Last week, Gerry Adams warned the DUP against making impossible demands. "They cannot set the bar at Heaven’s height". But Adams appeared to hint at some compromise on his side, changing his terminology from negotiating the "decommissioning" of IRA weapons to "standing down" the organisation. In the coded world of republican-speak, that signified that Adams was willing at last formally to discuss disbanding the Provos.

However, it remains to be seen if the DUP can make the transition from rejectionist front to deliverer of a final settlement; ie, turning the present armed truce into a genuine peace. Discussions will hinge around the Police Service of Northern Ireland (PSNI), successor to the old Royal Ulster Constabulary. Sinn Fein still refuses to recognise the PSNI or participate in running it, though they want the devolution of security powers to the Northern Ireland Assembly. The DUP might just trade Sinn Fein’s accepting the PSNI for a formula to ease out the IRA.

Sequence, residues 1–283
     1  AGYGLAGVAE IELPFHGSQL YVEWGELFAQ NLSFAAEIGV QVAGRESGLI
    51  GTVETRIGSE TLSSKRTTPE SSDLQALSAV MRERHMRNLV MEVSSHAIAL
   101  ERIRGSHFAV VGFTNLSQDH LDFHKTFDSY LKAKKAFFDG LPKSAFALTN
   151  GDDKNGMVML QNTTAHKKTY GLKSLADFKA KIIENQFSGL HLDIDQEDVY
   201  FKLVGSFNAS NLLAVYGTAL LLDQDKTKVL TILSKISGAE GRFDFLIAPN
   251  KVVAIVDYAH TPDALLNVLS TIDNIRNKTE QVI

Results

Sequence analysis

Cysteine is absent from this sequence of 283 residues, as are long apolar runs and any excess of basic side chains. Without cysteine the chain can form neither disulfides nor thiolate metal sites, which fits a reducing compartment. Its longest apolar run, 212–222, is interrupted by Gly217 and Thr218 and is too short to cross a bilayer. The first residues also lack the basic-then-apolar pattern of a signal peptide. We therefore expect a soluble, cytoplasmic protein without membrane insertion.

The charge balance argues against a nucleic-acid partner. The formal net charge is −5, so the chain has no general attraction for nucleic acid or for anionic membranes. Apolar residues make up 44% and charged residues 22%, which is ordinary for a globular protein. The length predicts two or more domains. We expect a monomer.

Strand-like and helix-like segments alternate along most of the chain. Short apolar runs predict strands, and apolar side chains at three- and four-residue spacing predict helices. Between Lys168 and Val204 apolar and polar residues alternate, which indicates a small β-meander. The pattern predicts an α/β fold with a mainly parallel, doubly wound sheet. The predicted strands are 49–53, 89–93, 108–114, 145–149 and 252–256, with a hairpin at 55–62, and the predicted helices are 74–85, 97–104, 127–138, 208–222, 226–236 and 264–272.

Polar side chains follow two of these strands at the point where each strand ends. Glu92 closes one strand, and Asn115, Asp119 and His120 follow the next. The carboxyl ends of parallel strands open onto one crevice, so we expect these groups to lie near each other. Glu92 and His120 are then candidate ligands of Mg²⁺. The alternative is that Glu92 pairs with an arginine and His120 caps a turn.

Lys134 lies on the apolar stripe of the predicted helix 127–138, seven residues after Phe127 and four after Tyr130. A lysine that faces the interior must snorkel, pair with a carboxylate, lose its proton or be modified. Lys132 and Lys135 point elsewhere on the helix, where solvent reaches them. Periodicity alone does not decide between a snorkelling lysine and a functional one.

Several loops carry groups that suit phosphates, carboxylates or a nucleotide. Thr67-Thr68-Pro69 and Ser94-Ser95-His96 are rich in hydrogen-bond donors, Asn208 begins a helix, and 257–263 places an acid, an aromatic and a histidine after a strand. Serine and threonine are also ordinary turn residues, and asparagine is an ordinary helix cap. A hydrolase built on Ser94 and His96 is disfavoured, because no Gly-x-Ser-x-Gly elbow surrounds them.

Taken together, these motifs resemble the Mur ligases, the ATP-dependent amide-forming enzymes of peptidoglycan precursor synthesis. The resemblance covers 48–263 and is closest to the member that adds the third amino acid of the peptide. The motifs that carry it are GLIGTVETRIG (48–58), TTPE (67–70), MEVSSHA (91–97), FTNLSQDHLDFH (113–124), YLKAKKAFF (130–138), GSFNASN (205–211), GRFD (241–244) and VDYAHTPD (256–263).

Adams says that Sinn Fein’s acceptance of the PSNI "would be a bigger strategic compromise than the Good Friday Agreement", because in effect it means the IRA will give up punishment beatings and rely on the PSNI to uphold the law in Republican strongholds. But Sinn Fein’s embrace of the PSNI also could provide a solution to how to disband the IRA. The younger, more active IRA volunteers - "the testosterone brigade" in local parlance - could be encouraged to join the PSNI’s part-time local reserve.

The result could see former Provos and former RUC members patrolling the same streets together. Stranger things have happened in the strange world of Northern Ireland politics.